As Kenya's lions continue to face persecution and the population continues to dwindle, a campaign to raise funds and awareness about the lions was launched on 17 June 2009 in Nairobi.
“For Kshs 200,000 ($2,500), we’re asking organizations to sponsor a life-size fibre glass lion and we’ll be getting artists to decorate them in July and August”, says the Pride of Kenya blog.
Many corporate bodies in Kenya have subscribed to this campaign and have ‘adopted’ each their own lion. Substantial media attention has also started building around this campaign with the Nation Media Group, one of the key media houses in Kenya, being right in the middle of the campaign.
This campaign is already being anticipated to become the biggest wildlife event of the year. The Pride of Kenya blog says, “Pride of Kenya really is going to be the biggest thing in Kenyan conservation this year”. “Pride of Kenya…launched today at the Serena Hotel, Nairobi, is already being described as an event with potentially national significance”, Will Travers, the Born Free Foundation CEO said in the same blog on the day of the inauguration of the campaign.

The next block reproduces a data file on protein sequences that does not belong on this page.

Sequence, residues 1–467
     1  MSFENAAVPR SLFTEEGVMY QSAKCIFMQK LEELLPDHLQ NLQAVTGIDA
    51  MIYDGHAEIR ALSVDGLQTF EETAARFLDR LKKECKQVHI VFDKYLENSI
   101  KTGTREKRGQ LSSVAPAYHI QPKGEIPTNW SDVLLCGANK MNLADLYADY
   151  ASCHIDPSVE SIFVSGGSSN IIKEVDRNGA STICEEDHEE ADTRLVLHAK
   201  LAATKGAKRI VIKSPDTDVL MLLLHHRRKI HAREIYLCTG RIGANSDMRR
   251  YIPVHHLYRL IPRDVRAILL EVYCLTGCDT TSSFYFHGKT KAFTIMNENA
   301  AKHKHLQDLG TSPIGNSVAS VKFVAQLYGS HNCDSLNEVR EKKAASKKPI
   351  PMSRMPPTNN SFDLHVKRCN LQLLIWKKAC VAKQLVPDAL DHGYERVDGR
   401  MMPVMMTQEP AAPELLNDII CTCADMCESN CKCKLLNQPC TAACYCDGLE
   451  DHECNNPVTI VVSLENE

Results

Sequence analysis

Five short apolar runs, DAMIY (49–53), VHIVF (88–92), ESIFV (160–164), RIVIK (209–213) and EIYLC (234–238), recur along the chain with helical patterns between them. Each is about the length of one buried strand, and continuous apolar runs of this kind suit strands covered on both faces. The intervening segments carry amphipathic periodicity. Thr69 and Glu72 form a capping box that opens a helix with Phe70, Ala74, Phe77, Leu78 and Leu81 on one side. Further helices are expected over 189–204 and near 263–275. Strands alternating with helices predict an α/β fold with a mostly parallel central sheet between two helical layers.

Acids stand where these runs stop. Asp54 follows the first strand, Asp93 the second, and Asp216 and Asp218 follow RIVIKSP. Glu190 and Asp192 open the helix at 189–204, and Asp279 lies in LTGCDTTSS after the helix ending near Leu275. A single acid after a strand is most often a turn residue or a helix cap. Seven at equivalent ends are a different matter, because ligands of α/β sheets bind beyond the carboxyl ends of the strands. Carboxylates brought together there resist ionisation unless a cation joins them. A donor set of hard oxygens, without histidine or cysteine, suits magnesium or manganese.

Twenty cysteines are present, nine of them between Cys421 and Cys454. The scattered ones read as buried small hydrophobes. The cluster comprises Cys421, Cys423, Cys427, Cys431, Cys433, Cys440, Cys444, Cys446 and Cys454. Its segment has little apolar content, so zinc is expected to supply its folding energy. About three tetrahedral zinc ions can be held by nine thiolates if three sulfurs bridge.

Although most lions have been adopted by business people, WildlifeDirect, a Kenyan web-based conservation organization has also adopted a lion. WildlifeDirect has put the fight to stop the importation and sale of Furadan – an agricultural pesticide that is responsible for the death of more than 75 lions in the past few years – as the focus of their campaign. There was excitement when WildlifeDirect signed the agreement that secured them one lion. The WildlifeDirect Team blog, Baraza, wrote:
Our campaign will focus on ending lion poisoning using Furadan. The centerpiece for this campaign will be a life-sized lion statue made of fiberglass.
WildlifeDirect will also involve the readers of their blogs. On Baraza, they said:
We need ideas for the art we shall create on this ‘canvas’. I know you have lots of ideas. Send them to us. We are thinking that it would be great if we could send a global message about lion conservation with our lion. You can be as creative as you want. You can even suggest modification of the lion – as long as it still looks like a lion. But we cannot put advertising. No logos.
The Born Free Foundation has said that these lions have to have been decorated by end of August in readiness for a parade in Nairobi this November. The lions will then go under auction on the same day and proceeds from the auction will go towards lion conservation projects in Kenya. The November date also coincides with Born Free's 25th Anniversary.
There are signs that this campaign – modeled around the Go Elephants campaign held in Summer 2008 in Norwich- will be exciting and it would be interesting to see how the blogosphere and media will react to it.